(CNN)About 10 years ago, as a college freshman in an Atlanta university and 600 miles from home, I was in trouble. For the first time in my life, I was stuck in a deep depression, due both to academic struggles and personal relationships. I hadn’t developed any friendships, was cut from a number of activities I hoped to be involved with, and, of course, I was homesick.

I remember the voice message I left for my Dad, telling him I hated it. I hated school, I hated the challenge, and I hated life. I told him I was scared — fearful that I had made the wrong choice of schools; that my life was now heading on a downward spiral that I could no longer control.

I expected a follow-up call. Maybe even a care package. Instead, the next day, my father showed up at my college dormitory, uncharacteristically driving a rented, flashy two-door sports car.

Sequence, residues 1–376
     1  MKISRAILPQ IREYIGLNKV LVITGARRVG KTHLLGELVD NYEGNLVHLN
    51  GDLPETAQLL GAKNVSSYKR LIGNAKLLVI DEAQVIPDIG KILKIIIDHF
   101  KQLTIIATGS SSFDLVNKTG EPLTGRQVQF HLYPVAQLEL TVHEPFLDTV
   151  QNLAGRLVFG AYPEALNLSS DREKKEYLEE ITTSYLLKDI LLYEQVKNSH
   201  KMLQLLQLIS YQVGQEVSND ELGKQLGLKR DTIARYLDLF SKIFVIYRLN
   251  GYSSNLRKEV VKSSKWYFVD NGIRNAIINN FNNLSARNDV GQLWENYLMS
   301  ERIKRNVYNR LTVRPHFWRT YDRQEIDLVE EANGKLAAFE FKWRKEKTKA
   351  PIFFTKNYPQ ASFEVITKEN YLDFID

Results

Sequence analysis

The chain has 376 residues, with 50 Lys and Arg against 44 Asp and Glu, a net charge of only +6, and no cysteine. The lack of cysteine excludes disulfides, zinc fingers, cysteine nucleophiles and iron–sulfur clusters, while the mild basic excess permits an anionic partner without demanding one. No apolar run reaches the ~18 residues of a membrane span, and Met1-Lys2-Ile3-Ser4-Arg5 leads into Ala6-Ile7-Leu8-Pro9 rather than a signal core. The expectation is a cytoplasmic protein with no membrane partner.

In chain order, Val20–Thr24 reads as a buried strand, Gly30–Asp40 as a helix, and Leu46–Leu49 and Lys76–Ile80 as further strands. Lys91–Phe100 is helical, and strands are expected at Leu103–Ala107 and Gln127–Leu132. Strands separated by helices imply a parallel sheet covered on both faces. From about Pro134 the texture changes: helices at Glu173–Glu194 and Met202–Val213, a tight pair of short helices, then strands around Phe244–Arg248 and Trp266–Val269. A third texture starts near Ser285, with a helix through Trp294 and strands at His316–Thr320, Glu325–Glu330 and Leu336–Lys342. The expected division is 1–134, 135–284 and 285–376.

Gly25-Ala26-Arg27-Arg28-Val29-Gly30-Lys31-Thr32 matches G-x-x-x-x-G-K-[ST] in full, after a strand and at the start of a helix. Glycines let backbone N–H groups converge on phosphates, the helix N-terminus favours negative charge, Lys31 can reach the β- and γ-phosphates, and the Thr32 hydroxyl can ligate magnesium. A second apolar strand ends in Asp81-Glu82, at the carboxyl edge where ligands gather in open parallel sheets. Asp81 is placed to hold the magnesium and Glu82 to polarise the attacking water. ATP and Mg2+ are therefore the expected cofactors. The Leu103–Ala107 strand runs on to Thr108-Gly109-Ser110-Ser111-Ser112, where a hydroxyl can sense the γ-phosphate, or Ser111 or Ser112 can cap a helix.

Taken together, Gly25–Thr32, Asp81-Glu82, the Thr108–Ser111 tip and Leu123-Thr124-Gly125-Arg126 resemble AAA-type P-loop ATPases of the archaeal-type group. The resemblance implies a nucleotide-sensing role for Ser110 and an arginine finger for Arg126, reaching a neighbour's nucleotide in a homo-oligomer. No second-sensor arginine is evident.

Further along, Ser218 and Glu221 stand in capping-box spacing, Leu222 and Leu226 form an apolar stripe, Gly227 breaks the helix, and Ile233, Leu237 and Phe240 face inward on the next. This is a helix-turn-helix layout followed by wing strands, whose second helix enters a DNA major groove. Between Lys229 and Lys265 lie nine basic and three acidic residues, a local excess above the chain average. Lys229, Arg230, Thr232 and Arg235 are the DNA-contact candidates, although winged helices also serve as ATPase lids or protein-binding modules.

David Levinson

David Levinson

“Hey Davey,” he said as he picked me up. “Like my ‘ride’?”

I laughed, and told him he might as well have been wearing a Superman cape. I needed him that day, more than I think even he knew. We spent the day together and he bought me lunch and some much-needed groceries. But his biggest contributions that day were his listening skills and his advice.

“This is a phase,” he said. “A tough phase of life. It will pass. And you will be stronger from it.”

A little over a year later, my father disappeared. While traveling on Kish Island, Iran, he was detained and lost all communication with my family. Although we haven’t been able to speak to him since March of 2007, we have been a witness to his suffering. Several years ago, we received a video of him, looking broken and beaten, pleading for help from the United States government.